Ed Herbst: Cape Times journalism compared + my response to its Walter Mitty

By Ed Herbst*

Watergate

All the President’s Men

Veteran journalist Ed Herbst
Veteran journalist Ed Herbst

The moment which defined investigative journalism from then on.

In our own history there have been many examples of the role that investigative journalism has played in making our country more just, more democratic.

I think of Helen Zille’s exposure of the reasons for the death in detention of Steve Biko.

Of the rivalry between the Rand Daily Mail and the Sunday Express which proved so significant in exposing the National Party’s role in the Info Scandal.

Of the dogged refusal by Greg Marinovich to accept the official line in the Marikana massacre.

Society expects the Fourth Estate to play a watchdog role and in my last article I questioned why there had been so little investigative journalism of note at the Independent News Media company since the Sekunjalo takeover three years ago and I used the Taco Kuiper awards as a benchmark.

This article looks at an example of investigative journalism at the Cape Times which played a significant role in bringing to international public attention the true story of the Gugulethu Seven who were killed on 3 March 1986.

It is the story of two Cape Times reporters, Chris Bateman and Tony Weaver and the part they played in that chapter in our history.

Chris Bateman began his newspaper career on the Natal Witness and his parents ran a trading store near Kranskop in the KZN midlands which meant that he learned to speak Zulu as a child – something that was to prove vital on the day that the Gugulethu Seven died in a hail of gunfire.

At the end of Bateman’s testimony on these murders before the Truth and Reconciliation Commission, Archbishop Desmond Tutu called for a round of applause for Bateman and his Cape Times colleagues.

Gugulethu_Seven_Memorial_03
Gugulethu Seven Memorial

It was Bateman whose command of Zulu and Xhosa blew wide open the horrendous story of how a Cape Town police unit, liaising with Vlakplaas had led to the ambush and murder of the Gugulethu Seven. And it was Tony Weaver whose links with the BBC’s Q&A and Africa Service television programmes led to a Cape Town story making headlines around the world and him being prosecuted under the notorious section 27B of the Terrorism Act – and acquitted.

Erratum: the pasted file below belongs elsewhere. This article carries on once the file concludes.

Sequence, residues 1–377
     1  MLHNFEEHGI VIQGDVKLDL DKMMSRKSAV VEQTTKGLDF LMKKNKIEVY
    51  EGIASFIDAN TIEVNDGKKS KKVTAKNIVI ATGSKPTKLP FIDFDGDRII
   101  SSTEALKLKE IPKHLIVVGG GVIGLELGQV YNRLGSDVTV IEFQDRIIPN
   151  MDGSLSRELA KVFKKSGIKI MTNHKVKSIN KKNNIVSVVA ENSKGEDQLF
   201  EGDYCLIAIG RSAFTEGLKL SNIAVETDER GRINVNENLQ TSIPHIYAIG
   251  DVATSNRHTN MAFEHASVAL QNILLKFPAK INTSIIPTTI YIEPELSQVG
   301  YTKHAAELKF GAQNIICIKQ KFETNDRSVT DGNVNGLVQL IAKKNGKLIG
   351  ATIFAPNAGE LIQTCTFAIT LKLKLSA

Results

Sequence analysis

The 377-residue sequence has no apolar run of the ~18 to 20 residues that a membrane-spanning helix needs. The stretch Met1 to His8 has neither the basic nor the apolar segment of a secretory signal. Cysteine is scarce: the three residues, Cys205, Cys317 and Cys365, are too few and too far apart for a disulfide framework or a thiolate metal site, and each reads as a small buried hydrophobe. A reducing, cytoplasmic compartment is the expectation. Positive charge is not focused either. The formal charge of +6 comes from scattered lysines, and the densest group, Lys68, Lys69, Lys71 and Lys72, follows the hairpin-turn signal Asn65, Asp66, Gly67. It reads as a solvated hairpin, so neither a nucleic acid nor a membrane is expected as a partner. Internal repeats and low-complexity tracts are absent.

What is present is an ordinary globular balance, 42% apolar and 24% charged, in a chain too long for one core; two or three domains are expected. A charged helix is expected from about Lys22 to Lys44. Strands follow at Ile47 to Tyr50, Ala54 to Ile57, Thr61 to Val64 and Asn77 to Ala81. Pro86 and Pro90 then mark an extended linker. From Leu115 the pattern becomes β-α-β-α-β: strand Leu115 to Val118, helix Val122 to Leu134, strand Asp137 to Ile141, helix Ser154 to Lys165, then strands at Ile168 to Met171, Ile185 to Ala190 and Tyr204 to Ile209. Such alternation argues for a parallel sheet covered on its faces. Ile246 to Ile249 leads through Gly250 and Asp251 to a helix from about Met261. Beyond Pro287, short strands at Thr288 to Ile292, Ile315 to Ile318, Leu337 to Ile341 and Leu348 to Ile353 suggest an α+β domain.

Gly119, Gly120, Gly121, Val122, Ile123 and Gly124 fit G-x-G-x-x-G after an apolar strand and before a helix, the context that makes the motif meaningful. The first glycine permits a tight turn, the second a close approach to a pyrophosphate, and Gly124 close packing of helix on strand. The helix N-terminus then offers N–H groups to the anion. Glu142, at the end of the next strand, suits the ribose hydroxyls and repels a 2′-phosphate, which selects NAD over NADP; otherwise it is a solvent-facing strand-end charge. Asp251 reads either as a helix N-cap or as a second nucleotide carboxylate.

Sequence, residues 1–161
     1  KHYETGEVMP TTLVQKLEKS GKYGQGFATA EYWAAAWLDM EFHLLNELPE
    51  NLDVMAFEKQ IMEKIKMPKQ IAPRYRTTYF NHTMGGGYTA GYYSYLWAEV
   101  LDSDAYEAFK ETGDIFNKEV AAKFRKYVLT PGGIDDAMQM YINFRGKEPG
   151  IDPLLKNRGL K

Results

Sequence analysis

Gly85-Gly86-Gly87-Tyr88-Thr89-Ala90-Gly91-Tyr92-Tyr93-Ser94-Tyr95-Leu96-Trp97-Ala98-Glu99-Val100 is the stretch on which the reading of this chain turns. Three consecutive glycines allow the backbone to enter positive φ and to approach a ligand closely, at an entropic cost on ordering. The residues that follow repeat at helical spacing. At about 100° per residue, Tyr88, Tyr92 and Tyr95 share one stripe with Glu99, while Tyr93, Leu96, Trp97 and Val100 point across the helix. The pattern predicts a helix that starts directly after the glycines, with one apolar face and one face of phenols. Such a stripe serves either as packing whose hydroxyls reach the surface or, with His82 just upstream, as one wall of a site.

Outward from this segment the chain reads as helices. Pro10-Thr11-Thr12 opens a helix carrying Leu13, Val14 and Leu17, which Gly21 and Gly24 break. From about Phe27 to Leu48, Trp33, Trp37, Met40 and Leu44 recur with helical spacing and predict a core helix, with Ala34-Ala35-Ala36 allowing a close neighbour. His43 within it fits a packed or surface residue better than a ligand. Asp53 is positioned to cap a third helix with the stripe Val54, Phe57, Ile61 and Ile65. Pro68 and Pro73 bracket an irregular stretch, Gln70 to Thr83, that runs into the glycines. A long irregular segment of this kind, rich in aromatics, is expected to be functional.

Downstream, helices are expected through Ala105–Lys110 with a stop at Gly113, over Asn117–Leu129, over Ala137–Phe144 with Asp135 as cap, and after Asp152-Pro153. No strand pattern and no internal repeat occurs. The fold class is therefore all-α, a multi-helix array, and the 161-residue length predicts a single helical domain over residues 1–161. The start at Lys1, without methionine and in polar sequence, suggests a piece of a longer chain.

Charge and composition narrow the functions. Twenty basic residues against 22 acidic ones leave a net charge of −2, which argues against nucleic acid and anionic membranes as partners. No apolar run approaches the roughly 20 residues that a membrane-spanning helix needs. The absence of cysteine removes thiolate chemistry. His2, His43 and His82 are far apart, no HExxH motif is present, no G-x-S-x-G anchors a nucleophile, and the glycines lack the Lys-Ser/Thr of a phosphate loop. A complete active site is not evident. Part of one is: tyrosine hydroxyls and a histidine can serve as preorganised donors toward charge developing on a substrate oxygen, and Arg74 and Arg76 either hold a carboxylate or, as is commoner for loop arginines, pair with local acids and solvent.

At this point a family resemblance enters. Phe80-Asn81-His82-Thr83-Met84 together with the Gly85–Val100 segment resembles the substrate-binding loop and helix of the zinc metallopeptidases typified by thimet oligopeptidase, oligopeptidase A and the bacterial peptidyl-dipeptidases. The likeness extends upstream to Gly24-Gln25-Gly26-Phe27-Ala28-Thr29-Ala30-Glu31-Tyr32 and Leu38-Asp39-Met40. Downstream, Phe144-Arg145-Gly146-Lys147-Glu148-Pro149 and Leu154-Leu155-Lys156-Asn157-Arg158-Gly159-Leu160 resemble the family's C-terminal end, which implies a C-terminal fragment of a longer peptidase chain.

(horrendous story)

My favourite Weaver story occurred in the late eighties when he was a local television news correspondent for the Canadian Broadcasting Corporation. Low level insurrection had gripped the country and when Thohoyandou teachers went on strike in Venda, P W Botha sent in the army and Pik Botha arrived by helicopter to monitor what was happening. The rotors were still turning as Weaver, camera rolling, doorstopped Pik as he emerged. “Oh f#ck, it’s Tony Weaver!” Botha said and that recording became one of the defining news statements of the era and was broadcast around the world.

Botha’s words were emblazoned on a tee shirt subsequently produced by CBC.

Screen Shot 2016-08-24 at 11.32.25Here is Chris Batemen’s account of how he experienced the events which unfolded on 3 March 1986:

As crime reporter for the Cape Times, I arrived at the Thomas Boydell building, headquarters of the SA Police in the Western Cape, shortly after 9 am on March 3, 1986, for the routine daily crime briefing given by their public relations division.

Their offices were, however, bereft of people and I immediately suspected I was missing out on something big. As I was about to ask around, the telephone rand on the office desk of the police press liaison officer, Lt Attie Laubscher. As there was nobody present to answer I picked it up. It was SABC television news reporter Charl Pauw and when I identified myself he asked if I’d heard about a shoot-out near NY1 in Gugulethu.